“In the space I cover, the continued evolution of networking  and throughput  was a big story for 2017. Ultra-high-speeds will continue to put new strains on the networks. While that’s happening, I’m interested in how mesh Wi-Fi solutions have developed, and what features and services are coming next.”

As for 2018, security is going to be a biggie. “There’s a greater and greater level of sophistication happening when it comes to hacking, and you can get your hands on tools that can do quite a bit of damage pretty cheaply now. How are we going to react to that? We’ve seen solutions on the enterprise side, but will the brands that CEDIA typically works with step up  or will new brands enter the space?”

Mansicalco believes that that a proactive approach is critical: “There could be fallout from a reactive approach. As consumers become more aware of the dangers, from common criminals to nations-states, will users revolt? Will they feel that a level of trust has been violated?”

And Maniscalco poses the big question, one that’s been asked over and over as data becomes “the new oil:”

“How much privacy are we willing to sacrifice for convenience?”

The Latency Issue

For van Zuiden, Maniscalco’s take dovetails with his predictions when it comes to the pressure we’ll be putting on the home network. As VUI becomes more sophisticated  recognizing different voices, for example  the current architecture is bound to experience hiccups.

“I’m finding increasingly, whether it’s Amazon, Sonos, or Josh.ai, that you’re sending fairly complex command strings to the cloud and back and that has to initiate a number of triggers and events in the home that oftentimes don’t work as expected,” van Zuiden explains. “And, a lot of times, that’s due to the latency of commands that have to come up to the cloud, back to the home  and latency is a very complicated topic that involves the performance of your broadband connection, the performance of your router, and the quality of your wired/wireless infrastructure.”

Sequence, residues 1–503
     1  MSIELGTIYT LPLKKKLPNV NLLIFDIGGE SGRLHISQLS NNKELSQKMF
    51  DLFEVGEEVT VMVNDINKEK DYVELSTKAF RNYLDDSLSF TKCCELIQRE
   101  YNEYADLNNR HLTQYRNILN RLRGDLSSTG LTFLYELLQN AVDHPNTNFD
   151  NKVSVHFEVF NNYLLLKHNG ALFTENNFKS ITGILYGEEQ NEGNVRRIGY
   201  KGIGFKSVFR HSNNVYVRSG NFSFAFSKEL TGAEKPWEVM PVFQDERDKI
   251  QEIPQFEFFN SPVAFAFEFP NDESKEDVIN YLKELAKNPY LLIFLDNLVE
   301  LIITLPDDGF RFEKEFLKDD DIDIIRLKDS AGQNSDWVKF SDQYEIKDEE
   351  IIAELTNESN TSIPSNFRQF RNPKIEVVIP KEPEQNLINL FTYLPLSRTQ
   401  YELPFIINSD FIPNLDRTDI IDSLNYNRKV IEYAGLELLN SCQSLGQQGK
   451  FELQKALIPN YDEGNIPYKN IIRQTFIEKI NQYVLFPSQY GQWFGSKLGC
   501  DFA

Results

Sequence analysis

“Voice is a processing power game. It’s incredible amounts of processing power to handle the sophisticated heap of information, the most complex of which is the interpretation of voice. The rest, once the computer knows exactly what it is you’ve asked it to do, the rest is very, very easy and lightweight.”

The solution? Localizing the architecture. Instead of taking all that info the user’s vocalized and sending it to the cloud for interpretation and parsing, do more of it locally.

Using Capeceltro’s Josh.ai devices as an example of what he’s illustrating, van Zuiden notes that the Josh mics are also little CPUs. “So, you’re going to get the CPU functionality, coupled with a microphone that will be able to handle that local processing more effectively to give a better result. So, by the end of 2018, I think you’ll see much more reliable performance. You’ll see personalization, you’ll see rooms, you’ll see spatial feel, and you’ll see tens and tens of thousands of skills and drivers across the board.

“So, you’ll see a pretty robust interface, I think, by the end of 2018.”

About the Author:

This article is syndicated from Integrate association partner, CEDIA’s Blog. You can read the original article or other CEDIA blogs here.